As aesthetic tastes change, so do the means by which we decorate and protect our furnishings. Lately, wood stain has skyrocketed in popularity as a viable alternative to paint, with more and more people trying their hand at it. However, as simple as staining wood is, if the wood is not prepared correctly, the results can be rather disappointing. For this reason, we’ve prepared a short guide detailing how to correctly prepare wood for stain, why it is important to know how to prepare wood for stain, and how stain can benefit your workpiece in the long run.
Table of Contents
- 1 Why Is Preparing Your Wood So Important?
- 2 How to Prepare Wood for Stain
- 2.1 Identify the Type of Wood You Are Working With
- 2.2 Gather the Tools You Will Need
- 2.3 Sand the Surface of Your Wood
- 2.4 Clean the Surface of Your Board
- 2.5 Apply Your Wood Conditioner
- 2.6 Apply Your Stain
- 3 Frequently Asked Questions
Why Is Preparing Your Wood So Important?
Preparing wood before applying virtually any surface coating is important. Wood is naturally exposed to external forces, and as a result it develops a layer of protection that does not allow surface coatings and wood treatment oils inside Therefore, this conditioned layer needs to be removed and the surface needs to be thoroughly prepared.
If the surface is not prepared correctly the wood could reject the stain completely, or it could be absorbed unevenly leaving you with an awful-looking finish.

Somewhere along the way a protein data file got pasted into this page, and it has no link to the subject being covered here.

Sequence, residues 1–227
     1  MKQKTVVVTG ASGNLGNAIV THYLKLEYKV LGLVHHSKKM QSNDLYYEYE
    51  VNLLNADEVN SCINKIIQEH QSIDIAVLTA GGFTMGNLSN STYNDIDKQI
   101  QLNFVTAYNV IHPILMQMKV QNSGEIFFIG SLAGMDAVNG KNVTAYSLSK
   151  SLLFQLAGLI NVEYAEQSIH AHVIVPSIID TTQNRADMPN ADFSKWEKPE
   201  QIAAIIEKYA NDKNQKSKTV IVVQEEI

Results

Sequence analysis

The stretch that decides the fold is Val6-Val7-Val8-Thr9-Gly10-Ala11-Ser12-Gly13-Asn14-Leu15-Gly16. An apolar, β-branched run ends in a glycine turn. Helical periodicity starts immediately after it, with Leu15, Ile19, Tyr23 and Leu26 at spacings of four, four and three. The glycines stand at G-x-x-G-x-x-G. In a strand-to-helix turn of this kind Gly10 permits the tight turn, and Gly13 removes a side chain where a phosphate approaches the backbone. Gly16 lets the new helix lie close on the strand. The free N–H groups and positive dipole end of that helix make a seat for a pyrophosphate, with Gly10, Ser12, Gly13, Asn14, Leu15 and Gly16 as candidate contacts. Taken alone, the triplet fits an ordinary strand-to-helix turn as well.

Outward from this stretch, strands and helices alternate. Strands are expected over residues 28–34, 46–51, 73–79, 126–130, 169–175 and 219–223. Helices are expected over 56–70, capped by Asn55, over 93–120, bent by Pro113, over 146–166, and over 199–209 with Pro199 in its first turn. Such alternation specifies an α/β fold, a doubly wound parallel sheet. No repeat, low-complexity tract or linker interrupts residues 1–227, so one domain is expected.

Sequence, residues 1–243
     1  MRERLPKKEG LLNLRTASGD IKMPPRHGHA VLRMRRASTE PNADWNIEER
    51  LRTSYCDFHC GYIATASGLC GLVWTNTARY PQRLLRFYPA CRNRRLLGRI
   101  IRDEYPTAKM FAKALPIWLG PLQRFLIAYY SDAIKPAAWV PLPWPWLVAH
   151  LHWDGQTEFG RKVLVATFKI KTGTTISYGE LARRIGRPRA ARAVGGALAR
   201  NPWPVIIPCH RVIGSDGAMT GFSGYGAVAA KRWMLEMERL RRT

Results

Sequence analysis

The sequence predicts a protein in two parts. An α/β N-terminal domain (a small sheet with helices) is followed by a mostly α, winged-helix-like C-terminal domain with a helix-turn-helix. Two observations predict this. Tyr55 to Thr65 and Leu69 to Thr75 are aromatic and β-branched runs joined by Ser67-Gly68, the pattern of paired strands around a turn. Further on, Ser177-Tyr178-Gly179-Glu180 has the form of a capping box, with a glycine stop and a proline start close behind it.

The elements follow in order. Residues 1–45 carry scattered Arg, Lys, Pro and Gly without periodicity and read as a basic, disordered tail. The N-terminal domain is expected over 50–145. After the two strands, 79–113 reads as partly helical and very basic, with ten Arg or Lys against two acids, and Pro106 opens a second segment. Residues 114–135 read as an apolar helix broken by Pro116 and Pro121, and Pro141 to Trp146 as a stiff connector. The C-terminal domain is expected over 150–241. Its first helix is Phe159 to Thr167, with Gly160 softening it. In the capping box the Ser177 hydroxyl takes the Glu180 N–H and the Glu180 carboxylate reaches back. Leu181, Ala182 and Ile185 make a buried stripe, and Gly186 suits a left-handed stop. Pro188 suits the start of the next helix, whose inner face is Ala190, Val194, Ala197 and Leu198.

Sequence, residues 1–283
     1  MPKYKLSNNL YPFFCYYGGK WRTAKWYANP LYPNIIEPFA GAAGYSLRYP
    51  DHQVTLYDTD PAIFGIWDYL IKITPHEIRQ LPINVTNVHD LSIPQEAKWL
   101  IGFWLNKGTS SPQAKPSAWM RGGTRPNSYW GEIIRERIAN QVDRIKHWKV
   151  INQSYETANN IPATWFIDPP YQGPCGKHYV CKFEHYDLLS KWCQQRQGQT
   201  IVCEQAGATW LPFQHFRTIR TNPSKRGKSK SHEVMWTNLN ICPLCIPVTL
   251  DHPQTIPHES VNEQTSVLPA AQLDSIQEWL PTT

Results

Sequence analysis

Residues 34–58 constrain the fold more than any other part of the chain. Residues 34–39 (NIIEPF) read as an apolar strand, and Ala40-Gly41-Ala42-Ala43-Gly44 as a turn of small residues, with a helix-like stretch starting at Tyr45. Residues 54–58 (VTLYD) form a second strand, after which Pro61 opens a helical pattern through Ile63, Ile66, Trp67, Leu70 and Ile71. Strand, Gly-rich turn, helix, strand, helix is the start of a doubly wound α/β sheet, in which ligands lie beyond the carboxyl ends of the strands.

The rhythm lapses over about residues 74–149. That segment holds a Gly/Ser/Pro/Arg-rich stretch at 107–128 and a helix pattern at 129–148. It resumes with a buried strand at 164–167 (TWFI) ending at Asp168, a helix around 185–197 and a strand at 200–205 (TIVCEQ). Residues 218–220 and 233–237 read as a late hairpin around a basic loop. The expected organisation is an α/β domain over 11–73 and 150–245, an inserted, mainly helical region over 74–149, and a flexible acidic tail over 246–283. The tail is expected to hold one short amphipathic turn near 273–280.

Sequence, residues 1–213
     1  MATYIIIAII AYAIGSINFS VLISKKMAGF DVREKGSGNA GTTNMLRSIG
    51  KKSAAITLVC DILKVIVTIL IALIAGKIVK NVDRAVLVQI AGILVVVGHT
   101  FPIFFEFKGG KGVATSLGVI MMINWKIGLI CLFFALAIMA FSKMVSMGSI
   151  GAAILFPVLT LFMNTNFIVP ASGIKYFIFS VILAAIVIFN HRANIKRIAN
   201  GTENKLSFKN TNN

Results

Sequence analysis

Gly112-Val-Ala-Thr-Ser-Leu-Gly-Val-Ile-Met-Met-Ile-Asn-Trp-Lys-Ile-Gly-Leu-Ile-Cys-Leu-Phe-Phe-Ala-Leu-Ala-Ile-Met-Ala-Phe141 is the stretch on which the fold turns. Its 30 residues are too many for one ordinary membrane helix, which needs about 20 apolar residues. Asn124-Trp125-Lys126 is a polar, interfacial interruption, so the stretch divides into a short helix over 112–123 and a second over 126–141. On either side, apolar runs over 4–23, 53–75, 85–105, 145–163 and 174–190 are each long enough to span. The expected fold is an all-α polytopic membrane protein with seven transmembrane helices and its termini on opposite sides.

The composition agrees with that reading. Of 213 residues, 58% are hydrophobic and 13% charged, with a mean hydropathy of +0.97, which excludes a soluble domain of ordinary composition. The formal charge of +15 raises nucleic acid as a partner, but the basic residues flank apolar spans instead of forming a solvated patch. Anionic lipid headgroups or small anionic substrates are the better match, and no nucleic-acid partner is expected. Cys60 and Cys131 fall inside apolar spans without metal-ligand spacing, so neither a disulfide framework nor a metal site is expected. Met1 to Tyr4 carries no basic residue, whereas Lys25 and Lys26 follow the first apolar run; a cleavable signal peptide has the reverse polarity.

Wood also needs to be prepared based on the type of wood and type of stain you intend to use. Some wood species are denser and less porous, so they need more preparation in order to accept the stain. Some wood types are inherently less receptive to wood stain. Characteristics that can cause this aversion to stain are tightly positioned grained wood types with low porosity, and wood types that contain high concentrations of resin. Some of these characteristics can be altered during the preparation process to ensure your stain is able to soak in and bond with the wood fibers.
Therefore, when dealing with most wood species you will need to ensure that the board is properly cleaned and sanded before stain can be applied. Failing to do so can result in the wood rejecting the stain, and an overall blotchy-looking finish.
Alternatively, if you do not have the time and/or means of preparing your wood at home, you can purchase your wood pre-prepared from retailers and lumber yards.